This article is part of the supplement: A critical assessment of text mining methods in molecular biology
Data preparation and interannotator agreement: BioCreAtIvE Task 1B
Citation and License
BMC Bioinformatics 2005, 6(Suppl 1):S12 doi:10.1186/1471-2105-6-S1-S12Published: 24 May 2005
We prepared and evaluated training and test materials for an assessment of text mining methods in molecular biology. The goal of the assessment was to evaluate the ability of automated systems to generate a list of unique gene identifiers from PubMed abstracts for the three model organisms Fly, Mouse, and Yeast. This paper describes the preparation and evaluation of answer keys for training and testing. These consisted of lists of normalized gene names found in the abstracts, generated by adapting the gene list for the full journal articles found in the model organism databases. For the training dataset, the gene list was pruned automatically to remove gene names not found in the abstract; for the testing dataset, it was further refined by manual annotation by annotators provided with guidelines. A critical step in interpreting the results of an assessment is to evaluate the quality of the data preparation. We did this by careful assessment of interannotator agreement and the use of answer pooling of participant results to improve the quality of the final testing dataset.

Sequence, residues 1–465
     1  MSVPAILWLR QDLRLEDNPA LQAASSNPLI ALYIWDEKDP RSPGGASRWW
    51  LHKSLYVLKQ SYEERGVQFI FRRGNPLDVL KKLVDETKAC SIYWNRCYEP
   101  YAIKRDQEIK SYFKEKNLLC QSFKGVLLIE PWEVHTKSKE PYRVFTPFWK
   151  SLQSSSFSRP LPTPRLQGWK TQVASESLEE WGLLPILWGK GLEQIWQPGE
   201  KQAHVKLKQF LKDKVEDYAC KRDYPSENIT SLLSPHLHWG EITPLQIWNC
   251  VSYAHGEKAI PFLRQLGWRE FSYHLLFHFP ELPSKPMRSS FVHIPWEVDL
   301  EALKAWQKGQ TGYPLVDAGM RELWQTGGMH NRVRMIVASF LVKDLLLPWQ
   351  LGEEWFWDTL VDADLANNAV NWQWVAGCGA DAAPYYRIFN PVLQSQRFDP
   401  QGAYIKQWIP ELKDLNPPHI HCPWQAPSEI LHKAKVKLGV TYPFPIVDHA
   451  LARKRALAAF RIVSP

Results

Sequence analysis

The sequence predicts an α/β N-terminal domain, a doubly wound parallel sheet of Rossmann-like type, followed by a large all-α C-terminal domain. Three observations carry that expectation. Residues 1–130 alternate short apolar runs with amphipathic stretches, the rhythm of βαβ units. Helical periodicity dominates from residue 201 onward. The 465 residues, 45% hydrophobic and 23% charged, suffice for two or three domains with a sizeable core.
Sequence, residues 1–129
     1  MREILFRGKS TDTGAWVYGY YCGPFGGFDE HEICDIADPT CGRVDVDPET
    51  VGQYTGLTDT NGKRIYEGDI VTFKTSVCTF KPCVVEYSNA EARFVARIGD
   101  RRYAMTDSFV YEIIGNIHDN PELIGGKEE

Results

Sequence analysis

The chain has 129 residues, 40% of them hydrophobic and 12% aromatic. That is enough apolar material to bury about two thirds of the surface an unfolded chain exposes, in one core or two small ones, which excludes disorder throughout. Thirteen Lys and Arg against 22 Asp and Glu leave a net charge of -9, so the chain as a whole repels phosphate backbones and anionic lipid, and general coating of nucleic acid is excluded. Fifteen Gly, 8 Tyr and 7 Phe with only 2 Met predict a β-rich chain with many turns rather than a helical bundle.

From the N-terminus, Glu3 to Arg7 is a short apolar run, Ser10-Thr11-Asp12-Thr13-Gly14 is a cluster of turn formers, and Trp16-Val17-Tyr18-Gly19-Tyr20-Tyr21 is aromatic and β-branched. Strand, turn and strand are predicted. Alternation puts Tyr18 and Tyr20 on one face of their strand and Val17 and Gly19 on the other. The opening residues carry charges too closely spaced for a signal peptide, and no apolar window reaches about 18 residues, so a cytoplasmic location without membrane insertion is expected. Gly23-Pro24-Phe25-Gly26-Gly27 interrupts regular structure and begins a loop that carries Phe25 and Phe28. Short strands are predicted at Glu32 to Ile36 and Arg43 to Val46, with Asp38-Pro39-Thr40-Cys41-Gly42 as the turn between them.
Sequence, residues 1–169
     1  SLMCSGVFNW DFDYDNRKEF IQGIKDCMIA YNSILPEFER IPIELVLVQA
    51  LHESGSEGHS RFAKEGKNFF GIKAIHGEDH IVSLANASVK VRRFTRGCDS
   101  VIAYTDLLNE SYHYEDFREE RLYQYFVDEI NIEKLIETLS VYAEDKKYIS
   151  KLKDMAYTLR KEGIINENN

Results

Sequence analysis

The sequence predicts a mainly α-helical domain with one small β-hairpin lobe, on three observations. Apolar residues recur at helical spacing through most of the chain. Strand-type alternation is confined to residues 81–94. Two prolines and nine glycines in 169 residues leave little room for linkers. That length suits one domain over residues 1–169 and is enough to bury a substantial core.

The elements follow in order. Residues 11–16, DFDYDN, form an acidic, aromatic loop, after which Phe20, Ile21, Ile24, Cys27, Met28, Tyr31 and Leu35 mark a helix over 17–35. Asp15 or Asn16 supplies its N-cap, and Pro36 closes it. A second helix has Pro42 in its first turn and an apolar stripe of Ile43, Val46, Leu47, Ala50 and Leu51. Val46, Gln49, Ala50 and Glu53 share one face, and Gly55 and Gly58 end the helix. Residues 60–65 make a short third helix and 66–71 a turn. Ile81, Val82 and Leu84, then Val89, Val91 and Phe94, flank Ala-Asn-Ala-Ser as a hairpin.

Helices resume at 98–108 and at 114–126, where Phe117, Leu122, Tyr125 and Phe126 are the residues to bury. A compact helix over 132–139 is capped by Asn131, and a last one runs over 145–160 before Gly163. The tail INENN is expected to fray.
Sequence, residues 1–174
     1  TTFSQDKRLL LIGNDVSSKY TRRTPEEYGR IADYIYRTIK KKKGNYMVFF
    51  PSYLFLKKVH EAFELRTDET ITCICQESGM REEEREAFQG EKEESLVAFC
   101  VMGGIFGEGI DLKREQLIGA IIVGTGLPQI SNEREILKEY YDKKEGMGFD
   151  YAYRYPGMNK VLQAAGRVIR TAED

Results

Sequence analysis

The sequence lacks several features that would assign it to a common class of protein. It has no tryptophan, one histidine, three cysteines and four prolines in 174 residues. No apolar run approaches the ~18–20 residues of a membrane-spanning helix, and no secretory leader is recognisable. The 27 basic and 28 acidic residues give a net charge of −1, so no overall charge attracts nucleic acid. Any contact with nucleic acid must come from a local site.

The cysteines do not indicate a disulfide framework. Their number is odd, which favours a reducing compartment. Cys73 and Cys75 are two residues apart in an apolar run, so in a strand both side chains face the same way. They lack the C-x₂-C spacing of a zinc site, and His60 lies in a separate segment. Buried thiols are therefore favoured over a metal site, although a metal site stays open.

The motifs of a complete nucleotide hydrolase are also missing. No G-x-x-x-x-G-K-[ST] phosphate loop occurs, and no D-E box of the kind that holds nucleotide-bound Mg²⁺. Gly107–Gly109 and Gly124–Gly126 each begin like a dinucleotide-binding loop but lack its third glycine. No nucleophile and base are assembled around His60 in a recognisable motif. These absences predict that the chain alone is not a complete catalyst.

Interannotator analysis on a small dataset showed that our gene lists for Fly and Yeast were good (87% and 91% three-way agreement) but the Mouse gene list had many conflicts (mostly omissions), which resulted in errors (69% interannotator agreement). By comparing and pooling answers from the participant systems, we were able to add an additional check on the test data; this allowed us to find additional errors, especially in Mouse. This led to 1% change in the Yeast and Fly "gold standard" answer keys, but to an 8% change in the mouse answer key.
We found that clear annotation guidelines are important, along with careful interannotator experiments, to validate the generated gene lists. Also, abstracts alone are a poor resource for identifying genes in paper, containing only a fraction of genes mentioned in the full text (25% for Fly, 36% for Mouse). We found that there are intrinsic differences between the model organism databases related to the number of synonymous terms and also to curation criteria. Finally, we found that answer pooling was much faster and allowed us to identify more conflicting genes than interannotator analysis.